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Afghanistan riddled with drug ties

The involvement of local as well as high-level government officials in the opium trade is frustrating efforts to eradicate poppy fields.

By Scott BaldaufStaff writers of The Christian Science Monitor, Faye BowersStaff writers of The Christian Science Monitor / May 13, 2005



KABUL, AFGHANISTAN; AND WASHINGTON

The case of an Afghan village police chief, named Inayatullah, is a small example of a much larger problem.

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Is Commander Inayatullah a courageous law-and-order crusader responsible for smashing the drug mafia in his hamlet? Or, is he an opium smuggler? Or, as his bosses say, is he both?

It's a question that hangs over more and more public officials here. The post-Taliban boom in opium production means that drug money now permeates every stratum of Afghanistan's society - from the farmers cultivating poppies in the east to those in the highest levels of the central government of Kabul, according to senior Afghan and European officials working here.

"We are already a narco-state," says Mohammad Nader Nadery at the Afghan Independent Human Rights Commission, which has studied the growing impunity of former military commanders and drug dealers who now work within the Afghan government. "If the governors in many parts of the country are involved in the drug trade, if a minister is directly or indirectly getting benefits from drug trade, and if a chief of police gets money from drug traffickers, then how else do you define a narco-state?"

Abdul Karim Brahowie, Afghanistan's minister of tribal and frontier affairs, says that the government has become so full of drug smugglers that cabinet meetings have become a farce. "Sometimes the people who complain the loudest about theft are thieves themselves," he says.

In the past two years, the UN reports that poppy cultivation increased by two-thirds in 2004 to 323,708 acres. Afghanistan now produces 90 percent of the world's opium - most of it ends up on the streets of Europe and Russia as heroin. European officials warn that this fledgling democracy is being undermined as Afghan officials make decisions based on what's good for the drug trade, rather than the electorate. [Editor's note: The original version overstated the extent of poppy cultivation.]

"There is a danger that all the stabilization and reconstruction efforts will be neutralized unless the narcotrafficking problem is addressed," says Ursula Müller, political counselor at the German Embassy in Washington. "We have to fight this corruption ... those guys involved in the drug business [who] are in all levels of Afghanistan's government," adds Ms. Müller, who has been actively involved in rebuilding Afghanistan since the US toppled the Taliban in late 2001.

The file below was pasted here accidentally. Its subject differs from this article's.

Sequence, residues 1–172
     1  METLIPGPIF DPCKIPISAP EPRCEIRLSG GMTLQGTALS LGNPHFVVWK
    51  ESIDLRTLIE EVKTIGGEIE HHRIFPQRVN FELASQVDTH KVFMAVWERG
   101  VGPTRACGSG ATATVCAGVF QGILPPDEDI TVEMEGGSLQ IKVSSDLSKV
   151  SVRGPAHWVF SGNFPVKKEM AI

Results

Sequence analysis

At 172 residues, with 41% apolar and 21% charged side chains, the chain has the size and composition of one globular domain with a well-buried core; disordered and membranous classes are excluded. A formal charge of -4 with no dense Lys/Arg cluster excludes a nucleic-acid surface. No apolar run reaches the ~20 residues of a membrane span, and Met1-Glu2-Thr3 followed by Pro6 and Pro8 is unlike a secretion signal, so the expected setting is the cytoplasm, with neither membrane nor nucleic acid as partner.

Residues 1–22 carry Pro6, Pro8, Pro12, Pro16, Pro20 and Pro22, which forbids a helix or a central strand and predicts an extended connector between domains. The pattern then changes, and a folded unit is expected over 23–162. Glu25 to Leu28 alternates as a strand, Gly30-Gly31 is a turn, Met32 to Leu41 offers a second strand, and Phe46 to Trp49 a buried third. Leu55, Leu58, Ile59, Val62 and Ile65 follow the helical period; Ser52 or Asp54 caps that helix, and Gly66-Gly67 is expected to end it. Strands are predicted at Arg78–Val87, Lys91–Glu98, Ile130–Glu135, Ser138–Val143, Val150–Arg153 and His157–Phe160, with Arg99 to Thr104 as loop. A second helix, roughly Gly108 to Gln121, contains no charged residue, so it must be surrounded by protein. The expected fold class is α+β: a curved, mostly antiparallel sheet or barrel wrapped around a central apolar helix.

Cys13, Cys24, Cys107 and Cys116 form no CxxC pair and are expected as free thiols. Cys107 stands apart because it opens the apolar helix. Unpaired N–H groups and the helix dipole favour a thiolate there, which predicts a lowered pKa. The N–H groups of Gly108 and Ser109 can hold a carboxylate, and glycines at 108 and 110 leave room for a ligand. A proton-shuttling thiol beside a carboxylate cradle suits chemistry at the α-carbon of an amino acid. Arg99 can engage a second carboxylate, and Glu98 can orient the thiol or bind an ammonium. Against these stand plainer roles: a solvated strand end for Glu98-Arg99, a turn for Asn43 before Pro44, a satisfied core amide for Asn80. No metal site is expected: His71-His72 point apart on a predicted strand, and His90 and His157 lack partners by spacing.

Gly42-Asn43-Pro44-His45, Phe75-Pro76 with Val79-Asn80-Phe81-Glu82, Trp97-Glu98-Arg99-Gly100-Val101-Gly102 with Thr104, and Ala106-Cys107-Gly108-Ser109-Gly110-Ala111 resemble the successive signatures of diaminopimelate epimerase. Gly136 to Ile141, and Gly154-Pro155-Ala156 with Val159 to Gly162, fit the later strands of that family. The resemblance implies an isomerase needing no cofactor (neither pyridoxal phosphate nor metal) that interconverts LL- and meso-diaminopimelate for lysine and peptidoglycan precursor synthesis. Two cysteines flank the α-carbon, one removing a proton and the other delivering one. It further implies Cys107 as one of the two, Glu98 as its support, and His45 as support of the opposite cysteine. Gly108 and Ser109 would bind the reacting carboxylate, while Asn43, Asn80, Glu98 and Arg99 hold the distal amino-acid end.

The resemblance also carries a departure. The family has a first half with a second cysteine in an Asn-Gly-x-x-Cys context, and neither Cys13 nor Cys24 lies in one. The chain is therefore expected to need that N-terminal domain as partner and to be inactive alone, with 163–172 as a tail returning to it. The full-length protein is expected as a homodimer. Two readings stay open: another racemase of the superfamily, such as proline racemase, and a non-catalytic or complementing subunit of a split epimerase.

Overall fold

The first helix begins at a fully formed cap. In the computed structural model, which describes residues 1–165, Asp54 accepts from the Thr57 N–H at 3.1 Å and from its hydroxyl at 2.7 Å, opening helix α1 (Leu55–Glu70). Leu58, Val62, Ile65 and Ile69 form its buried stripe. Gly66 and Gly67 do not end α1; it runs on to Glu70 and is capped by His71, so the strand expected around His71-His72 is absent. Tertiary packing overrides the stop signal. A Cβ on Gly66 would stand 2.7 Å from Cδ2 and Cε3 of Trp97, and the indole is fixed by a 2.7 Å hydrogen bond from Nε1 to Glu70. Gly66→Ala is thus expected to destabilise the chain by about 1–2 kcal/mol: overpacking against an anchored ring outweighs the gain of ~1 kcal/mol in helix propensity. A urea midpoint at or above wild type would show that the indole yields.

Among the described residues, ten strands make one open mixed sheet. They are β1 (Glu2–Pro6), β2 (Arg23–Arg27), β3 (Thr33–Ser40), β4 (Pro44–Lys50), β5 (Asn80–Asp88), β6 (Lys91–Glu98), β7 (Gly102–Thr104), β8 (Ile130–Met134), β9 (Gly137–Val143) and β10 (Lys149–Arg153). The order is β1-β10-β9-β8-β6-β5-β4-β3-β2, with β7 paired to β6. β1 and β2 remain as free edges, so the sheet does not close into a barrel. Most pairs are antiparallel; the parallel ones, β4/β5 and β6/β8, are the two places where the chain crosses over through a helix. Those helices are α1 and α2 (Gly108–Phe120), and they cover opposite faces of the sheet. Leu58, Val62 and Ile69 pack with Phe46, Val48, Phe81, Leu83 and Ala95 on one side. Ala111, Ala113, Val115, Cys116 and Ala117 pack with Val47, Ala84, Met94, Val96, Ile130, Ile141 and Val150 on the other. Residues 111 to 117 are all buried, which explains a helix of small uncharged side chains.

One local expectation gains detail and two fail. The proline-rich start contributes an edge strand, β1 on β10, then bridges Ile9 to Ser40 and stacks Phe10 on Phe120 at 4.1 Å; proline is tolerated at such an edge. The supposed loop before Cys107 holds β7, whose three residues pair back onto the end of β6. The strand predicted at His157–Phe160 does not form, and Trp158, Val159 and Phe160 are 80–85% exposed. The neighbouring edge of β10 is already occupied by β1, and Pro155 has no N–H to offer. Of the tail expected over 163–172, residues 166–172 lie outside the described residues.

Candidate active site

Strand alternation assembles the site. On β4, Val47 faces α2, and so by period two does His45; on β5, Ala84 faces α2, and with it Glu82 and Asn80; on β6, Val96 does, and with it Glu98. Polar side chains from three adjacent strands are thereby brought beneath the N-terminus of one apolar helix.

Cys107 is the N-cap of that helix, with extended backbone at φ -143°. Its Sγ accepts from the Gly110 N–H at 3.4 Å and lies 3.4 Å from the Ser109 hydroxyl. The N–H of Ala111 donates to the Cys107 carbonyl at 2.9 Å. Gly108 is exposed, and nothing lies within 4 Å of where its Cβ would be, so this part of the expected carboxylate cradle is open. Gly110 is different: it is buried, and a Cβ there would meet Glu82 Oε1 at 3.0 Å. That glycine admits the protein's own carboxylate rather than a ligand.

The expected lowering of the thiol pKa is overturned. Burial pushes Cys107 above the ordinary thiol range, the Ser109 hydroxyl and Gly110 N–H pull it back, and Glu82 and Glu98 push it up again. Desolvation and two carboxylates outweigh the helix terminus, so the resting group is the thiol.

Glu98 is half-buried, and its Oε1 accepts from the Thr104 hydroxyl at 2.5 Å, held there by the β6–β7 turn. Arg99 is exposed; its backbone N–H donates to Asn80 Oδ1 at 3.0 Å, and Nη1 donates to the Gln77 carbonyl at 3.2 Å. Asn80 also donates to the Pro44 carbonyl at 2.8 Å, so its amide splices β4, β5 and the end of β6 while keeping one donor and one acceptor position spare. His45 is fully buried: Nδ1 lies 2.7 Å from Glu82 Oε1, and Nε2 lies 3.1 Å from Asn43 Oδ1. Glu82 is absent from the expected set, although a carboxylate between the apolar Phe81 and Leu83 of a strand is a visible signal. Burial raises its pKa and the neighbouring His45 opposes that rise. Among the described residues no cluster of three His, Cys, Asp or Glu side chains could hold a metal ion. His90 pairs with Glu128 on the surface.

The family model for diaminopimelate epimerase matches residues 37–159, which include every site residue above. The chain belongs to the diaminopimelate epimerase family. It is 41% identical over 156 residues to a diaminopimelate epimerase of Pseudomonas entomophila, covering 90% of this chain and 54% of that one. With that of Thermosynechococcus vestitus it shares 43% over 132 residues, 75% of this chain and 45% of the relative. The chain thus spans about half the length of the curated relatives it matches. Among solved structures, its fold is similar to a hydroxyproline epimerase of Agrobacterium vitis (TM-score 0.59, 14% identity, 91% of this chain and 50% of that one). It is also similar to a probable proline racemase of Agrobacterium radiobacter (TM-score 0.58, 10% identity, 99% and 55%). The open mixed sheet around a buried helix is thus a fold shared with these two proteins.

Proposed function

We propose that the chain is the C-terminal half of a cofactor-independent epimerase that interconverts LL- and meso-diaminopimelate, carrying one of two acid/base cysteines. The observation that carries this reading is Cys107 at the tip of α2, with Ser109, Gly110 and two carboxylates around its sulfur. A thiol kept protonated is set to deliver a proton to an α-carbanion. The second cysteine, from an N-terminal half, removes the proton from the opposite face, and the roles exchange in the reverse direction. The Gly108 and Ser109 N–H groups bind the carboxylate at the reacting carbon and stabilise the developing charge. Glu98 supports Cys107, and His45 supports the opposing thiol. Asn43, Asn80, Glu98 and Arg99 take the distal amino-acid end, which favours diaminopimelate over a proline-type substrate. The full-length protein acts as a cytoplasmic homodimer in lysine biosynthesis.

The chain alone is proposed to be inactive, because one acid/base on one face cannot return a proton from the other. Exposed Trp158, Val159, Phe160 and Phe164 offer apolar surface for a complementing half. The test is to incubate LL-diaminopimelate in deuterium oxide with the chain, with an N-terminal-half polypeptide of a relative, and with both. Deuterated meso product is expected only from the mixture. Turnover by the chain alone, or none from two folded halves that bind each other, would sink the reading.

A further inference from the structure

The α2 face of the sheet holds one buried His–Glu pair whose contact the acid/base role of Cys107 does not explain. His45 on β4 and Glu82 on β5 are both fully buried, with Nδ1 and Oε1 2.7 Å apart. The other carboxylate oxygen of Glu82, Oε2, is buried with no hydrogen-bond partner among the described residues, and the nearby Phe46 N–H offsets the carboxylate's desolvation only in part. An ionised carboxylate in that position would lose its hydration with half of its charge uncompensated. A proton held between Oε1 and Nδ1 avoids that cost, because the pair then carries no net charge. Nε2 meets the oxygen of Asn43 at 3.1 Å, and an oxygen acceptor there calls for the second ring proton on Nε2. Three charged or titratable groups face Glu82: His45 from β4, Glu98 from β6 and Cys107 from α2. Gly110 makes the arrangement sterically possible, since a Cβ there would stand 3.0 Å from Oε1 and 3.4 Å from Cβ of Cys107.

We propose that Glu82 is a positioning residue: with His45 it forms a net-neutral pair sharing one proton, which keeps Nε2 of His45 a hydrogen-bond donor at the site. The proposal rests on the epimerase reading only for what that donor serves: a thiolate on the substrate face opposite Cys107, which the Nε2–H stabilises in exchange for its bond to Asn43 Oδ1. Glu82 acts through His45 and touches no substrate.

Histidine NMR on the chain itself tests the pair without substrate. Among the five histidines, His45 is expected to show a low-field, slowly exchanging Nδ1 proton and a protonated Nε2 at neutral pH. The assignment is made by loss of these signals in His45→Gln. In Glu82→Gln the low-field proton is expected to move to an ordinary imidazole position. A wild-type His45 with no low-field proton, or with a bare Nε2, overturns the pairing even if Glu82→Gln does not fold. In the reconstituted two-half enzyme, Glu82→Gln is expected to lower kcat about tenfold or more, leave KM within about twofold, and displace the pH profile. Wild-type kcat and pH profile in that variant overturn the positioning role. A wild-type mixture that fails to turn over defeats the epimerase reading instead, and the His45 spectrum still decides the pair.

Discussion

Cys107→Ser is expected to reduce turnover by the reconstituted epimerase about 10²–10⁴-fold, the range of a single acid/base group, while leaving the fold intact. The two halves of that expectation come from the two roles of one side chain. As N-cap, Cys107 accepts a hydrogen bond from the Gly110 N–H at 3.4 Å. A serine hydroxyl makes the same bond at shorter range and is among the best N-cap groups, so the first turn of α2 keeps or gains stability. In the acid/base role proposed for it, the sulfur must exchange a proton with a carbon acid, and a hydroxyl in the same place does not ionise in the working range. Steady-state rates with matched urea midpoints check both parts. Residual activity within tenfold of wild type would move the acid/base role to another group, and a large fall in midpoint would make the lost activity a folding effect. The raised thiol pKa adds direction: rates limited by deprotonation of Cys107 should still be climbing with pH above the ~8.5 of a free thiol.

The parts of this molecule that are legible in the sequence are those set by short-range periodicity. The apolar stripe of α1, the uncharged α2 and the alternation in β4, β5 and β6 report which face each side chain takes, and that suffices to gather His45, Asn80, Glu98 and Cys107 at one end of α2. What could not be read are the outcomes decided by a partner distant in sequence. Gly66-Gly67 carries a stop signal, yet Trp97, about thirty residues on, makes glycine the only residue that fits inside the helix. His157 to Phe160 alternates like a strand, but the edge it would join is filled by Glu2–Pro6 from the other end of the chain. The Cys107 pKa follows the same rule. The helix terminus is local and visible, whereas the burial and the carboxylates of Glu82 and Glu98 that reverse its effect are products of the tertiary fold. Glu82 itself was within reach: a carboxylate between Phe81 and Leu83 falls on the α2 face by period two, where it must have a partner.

The Afghan government of US-backed President Hamid Karzai has made countering the narcotics trade - over fighting terrorism - its central aim. And the international community, with Britain taking the lead, is planted firmly behind him. Germany, for example, is training local Afghan police, and the US has budgeted $780 million this year to support the antinarcotics battle.

But the opium trade is deeply rooted in Afghan society. Many regional warlords and opponents of the Taliban are now top officials in the Karzai government. One of the most complicated - and delicate - tasks is to get corrupt officials to turn away from the drug trade as a source of personal income.

Müller says it can be done. She tells of a former Afghan provincial official who was nominated to become a deputy minister in Kabul. "We had doubts, and the [Bush] administration had doubts about him," Müller says. "It was an open secret that he was heavily involved in the drugs business."

But, she says, he has turned his back on his former trade and has become a responsible government official leading efforts to staunch the illicit drug business.

The effort in working with local governors has been mixed, though, according to Steve Atkins, a spokesman for the British Embassy in Washington.

Britain provided funding and advice to Afghans on an eradication program in 2004. Governors who participated claimed they eradicated 37,000 acres, but a verification team found that only 13,000 acres had actually been eradicated.

"We have always been clear of the limitations of the governor-led eradication, given that many governors are themselves implicated in the trade," says Mr. Atkins.

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